One of Denis' most controversial films, this study of Parisian cock-fight handlers alienated some viewers with its unflinching (and clearly well-researched) depiction of a vicious sport; nevertheless, it remans an engrossing and challenging work. Two West African brothers, Dah and Jocelyn, make a living buying and training birds to compete in the pit. As both siblings and outsiders, their fates are entwined: temperamentally, however, the pair could not be more different: Dah is pragmatic, a businessman, while Jocelyn is possessed of an almost monastic devotion to the creatures he trains.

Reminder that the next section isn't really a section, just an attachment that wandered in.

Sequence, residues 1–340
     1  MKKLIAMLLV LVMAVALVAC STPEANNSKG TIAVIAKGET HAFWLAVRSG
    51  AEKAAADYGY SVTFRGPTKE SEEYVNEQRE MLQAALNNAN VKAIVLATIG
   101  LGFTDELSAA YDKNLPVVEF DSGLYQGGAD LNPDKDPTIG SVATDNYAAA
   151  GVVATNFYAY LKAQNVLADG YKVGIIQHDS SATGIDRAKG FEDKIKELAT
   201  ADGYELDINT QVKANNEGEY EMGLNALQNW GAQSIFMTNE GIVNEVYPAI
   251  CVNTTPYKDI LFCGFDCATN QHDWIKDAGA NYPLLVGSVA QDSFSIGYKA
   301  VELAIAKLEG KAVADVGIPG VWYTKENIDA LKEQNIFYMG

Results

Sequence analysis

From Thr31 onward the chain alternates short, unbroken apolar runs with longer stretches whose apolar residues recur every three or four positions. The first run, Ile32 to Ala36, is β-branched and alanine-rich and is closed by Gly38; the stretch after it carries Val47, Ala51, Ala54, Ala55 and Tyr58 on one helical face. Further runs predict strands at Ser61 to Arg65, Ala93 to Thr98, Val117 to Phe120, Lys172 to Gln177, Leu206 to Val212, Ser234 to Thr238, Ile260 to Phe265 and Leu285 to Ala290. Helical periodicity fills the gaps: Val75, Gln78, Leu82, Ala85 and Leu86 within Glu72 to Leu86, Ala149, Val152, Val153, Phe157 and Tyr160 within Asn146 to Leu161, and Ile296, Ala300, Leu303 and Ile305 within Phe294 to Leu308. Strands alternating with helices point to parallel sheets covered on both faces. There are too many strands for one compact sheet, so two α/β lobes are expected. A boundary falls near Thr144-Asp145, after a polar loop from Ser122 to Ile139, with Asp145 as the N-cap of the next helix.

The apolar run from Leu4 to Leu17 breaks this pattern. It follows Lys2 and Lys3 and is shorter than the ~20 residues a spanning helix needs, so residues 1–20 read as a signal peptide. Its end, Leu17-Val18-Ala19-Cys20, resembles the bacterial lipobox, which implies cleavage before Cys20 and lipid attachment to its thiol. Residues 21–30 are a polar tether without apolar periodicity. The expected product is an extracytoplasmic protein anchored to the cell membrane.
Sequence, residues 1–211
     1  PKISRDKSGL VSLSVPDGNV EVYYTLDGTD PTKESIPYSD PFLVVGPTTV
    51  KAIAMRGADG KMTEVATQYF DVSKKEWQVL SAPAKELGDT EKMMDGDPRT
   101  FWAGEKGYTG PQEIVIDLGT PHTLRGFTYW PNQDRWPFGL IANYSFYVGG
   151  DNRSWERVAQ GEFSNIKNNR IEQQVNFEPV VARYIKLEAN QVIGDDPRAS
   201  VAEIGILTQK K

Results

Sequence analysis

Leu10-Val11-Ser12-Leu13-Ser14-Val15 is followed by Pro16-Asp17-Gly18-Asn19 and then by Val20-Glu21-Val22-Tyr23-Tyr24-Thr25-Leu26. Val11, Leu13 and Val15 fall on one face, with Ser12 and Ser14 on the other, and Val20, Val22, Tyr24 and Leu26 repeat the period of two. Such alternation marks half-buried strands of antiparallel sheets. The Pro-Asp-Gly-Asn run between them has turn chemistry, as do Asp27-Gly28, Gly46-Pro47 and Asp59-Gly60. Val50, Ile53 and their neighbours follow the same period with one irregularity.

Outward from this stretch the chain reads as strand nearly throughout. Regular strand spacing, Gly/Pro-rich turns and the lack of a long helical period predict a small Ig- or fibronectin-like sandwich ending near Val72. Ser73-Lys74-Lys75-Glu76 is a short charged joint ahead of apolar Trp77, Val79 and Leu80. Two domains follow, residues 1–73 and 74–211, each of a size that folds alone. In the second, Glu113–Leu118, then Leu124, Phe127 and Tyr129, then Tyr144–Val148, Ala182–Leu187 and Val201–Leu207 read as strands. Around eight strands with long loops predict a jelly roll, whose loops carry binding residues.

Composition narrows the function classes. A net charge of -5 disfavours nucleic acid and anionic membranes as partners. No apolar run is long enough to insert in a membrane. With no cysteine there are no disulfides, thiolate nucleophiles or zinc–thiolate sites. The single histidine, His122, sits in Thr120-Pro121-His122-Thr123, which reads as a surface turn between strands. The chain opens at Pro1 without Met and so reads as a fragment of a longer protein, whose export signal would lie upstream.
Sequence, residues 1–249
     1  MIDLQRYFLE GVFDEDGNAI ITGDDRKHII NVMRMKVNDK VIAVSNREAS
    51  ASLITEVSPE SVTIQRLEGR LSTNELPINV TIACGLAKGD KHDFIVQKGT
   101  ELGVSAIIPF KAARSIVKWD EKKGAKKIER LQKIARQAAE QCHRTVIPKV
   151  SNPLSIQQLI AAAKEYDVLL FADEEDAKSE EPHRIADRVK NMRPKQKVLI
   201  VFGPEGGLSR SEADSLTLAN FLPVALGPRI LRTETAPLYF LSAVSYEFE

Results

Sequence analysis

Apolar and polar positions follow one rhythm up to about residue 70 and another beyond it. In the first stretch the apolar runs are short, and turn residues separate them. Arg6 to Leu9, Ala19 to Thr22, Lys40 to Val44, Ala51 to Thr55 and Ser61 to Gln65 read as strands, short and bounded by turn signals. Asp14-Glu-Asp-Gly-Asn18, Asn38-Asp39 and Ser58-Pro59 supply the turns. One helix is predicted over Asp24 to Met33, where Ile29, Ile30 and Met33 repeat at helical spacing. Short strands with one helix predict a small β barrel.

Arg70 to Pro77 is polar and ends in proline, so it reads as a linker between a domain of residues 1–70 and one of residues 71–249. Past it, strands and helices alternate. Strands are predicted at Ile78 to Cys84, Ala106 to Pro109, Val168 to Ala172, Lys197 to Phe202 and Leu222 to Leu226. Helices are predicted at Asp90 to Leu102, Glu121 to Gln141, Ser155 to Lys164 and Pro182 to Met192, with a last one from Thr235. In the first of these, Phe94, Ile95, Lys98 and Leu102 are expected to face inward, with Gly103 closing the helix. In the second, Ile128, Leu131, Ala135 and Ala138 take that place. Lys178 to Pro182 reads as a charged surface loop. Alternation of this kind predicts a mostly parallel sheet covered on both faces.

Recruited by Ardennes, a restaurateur who wants to open up his own 'ring', the brothers set about selecting animals, unaware of the catastrophe that lies ahead. The mood throughout is appropriately seedy and claustrophobic, and the actual fight sequences discomfitingly graphic (though a note during the end credits insists that no animals were harmed during the making of the film). Yet for all its disturbing surface, the film is essentially a study in alienation, as Joselyn—a noble man in a debased world—gradually forfeits his passion, his manhood, and finally his race itself, when he succumbs to the erotic lure of Ardennes' wife (Solveig Dommartin), a relationship that ultimately destroys him.